After a bump in the road was cleared (for now) earlier this month, sides for and against extending a toll road to San Clemente are girding for a face-off next Monday.
That's when the Transportation Corridor Agencies (TCA) hosts its third public forum "to discuss South Orange County’s worsening traffic."
It's a song we've heard before. Before the idea was shot down to extend the Foothill Eastern (241) toll road through San Onofre State Park, and perilously close to the world famous Trestles surf breaks, proponents said Orange County toll roads to counter worsening traffic. After the toll roads were built, and traffic still sucked here, officials responded by saying it would be worse without the toll roads. And so it goes ...
And so goes the opposition. A Change.org petition requests that the TCA board abandon any plans to extend the toll road to San Clemente.
These foes have high-powered support from the San Clemente City Council, which favors toll road proposals that do not have an extension ending in the city, only nearby.
Indeed, the council on May 16 considered spending $27,500 to have visuals made of toll road extension alternatives that could help during public forums on the project. Ultimately the council decided to hold off spending taxpayer money for that at this time.
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The council by then had been admonished by Foothill Eastern TCA Board Chairman Ed Sachs, who complained it was too early in the process for anyone to look solely at any route out of 18 proposed for the extension, calling the proposal for visuals "peculiar."
Which all leads up to the TCA, under its Get Moving OC branding campaign, presenting its next public forum from 5:30-8 p.m. Monday at Saddleback College in Mission Viejo.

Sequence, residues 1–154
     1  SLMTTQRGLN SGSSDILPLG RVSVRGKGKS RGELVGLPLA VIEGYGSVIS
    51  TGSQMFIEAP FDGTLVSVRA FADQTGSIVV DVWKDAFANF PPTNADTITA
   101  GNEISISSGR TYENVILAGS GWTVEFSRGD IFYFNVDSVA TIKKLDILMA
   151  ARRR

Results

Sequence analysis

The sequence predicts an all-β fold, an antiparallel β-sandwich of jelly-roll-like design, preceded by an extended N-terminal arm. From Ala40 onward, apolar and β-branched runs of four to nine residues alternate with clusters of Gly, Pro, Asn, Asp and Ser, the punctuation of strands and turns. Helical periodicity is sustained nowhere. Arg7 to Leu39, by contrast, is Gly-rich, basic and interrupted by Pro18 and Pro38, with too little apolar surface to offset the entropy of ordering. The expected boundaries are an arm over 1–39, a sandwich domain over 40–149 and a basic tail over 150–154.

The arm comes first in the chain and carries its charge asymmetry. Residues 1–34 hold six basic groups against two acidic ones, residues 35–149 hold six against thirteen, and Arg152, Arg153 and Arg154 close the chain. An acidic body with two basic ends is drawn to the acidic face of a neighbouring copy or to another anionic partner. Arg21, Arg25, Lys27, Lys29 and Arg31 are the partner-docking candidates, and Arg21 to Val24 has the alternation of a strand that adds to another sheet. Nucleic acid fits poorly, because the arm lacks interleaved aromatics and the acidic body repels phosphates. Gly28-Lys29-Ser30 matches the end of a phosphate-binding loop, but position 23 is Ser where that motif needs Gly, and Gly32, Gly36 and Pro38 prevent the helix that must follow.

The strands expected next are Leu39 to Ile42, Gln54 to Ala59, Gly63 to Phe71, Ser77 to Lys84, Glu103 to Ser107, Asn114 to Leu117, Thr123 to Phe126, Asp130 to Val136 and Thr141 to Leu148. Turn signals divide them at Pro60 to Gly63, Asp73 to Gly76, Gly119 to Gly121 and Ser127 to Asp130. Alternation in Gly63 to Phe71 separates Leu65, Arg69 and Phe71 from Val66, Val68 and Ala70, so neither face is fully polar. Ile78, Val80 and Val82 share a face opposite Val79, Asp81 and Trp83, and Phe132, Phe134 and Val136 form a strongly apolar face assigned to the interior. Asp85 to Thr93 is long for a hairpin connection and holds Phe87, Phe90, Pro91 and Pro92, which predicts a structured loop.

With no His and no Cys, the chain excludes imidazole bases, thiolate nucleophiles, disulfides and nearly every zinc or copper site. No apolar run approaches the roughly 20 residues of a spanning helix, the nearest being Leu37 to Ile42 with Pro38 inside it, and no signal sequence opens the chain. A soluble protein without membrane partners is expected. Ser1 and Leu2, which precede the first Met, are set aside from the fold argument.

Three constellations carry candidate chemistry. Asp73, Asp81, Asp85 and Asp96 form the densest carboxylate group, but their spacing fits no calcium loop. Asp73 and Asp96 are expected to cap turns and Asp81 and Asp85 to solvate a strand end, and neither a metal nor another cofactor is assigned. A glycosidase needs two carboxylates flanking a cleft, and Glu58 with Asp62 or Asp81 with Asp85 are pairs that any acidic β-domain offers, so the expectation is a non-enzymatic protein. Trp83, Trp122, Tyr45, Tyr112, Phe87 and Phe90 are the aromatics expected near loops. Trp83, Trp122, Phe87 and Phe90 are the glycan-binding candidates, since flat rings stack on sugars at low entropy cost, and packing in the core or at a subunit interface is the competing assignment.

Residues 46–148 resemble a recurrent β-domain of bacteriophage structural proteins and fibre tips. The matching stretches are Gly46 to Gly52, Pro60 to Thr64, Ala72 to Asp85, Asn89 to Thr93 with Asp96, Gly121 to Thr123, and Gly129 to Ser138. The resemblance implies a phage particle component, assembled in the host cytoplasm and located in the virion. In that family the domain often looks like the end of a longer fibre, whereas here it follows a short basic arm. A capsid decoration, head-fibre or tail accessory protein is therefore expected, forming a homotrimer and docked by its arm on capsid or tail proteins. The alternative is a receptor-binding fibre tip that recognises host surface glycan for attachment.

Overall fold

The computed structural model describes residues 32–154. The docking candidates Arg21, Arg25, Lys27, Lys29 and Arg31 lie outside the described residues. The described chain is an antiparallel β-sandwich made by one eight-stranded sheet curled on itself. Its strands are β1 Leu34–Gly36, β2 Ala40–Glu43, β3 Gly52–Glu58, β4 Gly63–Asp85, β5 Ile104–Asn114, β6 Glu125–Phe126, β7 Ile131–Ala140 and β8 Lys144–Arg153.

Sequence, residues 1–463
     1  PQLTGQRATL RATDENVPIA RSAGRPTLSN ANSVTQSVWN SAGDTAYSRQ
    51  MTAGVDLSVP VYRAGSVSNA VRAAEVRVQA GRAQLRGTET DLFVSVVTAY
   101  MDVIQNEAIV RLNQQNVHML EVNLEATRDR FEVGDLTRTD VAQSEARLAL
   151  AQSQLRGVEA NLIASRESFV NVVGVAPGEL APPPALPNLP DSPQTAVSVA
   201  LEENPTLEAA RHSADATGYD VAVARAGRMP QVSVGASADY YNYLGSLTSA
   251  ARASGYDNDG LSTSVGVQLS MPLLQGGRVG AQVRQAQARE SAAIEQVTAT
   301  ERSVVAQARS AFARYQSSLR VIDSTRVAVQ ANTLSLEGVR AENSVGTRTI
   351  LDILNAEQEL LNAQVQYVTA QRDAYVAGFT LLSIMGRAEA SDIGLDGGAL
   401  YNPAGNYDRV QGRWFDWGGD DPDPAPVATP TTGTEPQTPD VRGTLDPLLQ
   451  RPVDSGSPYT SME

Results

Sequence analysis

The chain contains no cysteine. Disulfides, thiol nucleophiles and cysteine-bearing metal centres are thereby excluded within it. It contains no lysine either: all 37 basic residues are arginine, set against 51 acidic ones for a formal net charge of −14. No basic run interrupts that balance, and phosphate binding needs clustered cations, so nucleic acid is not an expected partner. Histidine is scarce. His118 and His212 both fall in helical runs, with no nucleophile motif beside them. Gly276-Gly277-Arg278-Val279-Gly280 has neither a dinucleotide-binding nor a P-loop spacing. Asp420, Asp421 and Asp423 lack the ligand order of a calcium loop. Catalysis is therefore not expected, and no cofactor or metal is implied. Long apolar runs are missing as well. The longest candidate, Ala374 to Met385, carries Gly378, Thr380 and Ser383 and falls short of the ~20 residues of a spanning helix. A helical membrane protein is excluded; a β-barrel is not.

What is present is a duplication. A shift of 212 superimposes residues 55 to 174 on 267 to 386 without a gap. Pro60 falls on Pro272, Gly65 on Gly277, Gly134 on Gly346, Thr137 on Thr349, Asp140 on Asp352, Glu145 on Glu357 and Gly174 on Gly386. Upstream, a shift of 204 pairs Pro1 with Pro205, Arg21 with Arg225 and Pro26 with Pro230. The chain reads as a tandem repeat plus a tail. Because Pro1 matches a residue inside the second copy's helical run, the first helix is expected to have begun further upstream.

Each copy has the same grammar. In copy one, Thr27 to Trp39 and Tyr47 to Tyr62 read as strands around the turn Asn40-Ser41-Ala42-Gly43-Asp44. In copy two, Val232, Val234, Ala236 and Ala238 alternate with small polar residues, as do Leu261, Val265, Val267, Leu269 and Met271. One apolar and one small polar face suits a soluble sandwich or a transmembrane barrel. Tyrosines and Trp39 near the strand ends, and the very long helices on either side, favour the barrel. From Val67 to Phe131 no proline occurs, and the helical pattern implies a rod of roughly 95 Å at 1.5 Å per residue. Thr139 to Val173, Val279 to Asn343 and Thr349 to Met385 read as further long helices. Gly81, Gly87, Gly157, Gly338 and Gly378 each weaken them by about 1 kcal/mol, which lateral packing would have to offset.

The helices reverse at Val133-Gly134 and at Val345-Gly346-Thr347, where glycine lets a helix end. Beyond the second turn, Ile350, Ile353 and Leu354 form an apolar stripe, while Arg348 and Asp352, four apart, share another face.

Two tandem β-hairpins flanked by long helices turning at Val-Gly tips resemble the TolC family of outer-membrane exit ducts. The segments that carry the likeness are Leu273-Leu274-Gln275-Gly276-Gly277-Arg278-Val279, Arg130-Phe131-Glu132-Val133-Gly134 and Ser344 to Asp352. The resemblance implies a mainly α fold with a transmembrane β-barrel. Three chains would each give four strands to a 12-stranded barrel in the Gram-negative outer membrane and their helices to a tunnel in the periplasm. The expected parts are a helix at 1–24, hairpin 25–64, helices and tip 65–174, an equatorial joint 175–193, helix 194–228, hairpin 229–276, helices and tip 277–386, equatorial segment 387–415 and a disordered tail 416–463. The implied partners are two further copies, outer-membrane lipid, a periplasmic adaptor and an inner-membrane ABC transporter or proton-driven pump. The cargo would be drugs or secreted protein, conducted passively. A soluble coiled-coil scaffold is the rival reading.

"At the forum, panels of local transportation planners and environmental community leaders will discuss the recent settlement agreement and the technical process that will be used to evaluate the 18 ideas provided by the public during our prior two forums," reads the TCA invite. "As we are in the initial stages of reviewing the ideas that have been submitted to date by the public and local elected officials, it is important to note that no project has been selected or approved. An important part of the technical process includes evaluating impacts, costs, funding and compatibility with regional projects. The process is expected to take several years and will include many opportunities for the public to provide input. Attendees who wish to comment during the informational session will be able to do so by submitting a comment either orally or in writing via a court reporter, video recording or comment card."
Those seeking more information and/or to RSVP for the forum are directed to GetMovingOC.com.